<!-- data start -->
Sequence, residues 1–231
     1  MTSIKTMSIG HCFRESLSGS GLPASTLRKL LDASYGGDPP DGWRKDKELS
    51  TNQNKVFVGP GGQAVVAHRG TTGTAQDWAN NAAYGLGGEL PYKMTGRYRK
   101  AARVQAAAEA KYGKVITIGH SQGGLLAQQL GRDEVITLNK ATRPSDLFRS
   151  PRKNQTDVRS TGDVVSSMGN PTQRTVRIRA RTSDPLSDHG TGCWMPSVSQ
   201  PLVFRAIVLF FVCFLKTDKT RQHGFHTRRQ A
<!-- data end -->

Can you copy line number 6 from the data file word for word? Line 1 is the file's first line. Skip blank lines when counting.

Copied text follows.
   201  PLVFRAIVLF FVCFLKTDKT RQHGFHTRRQ A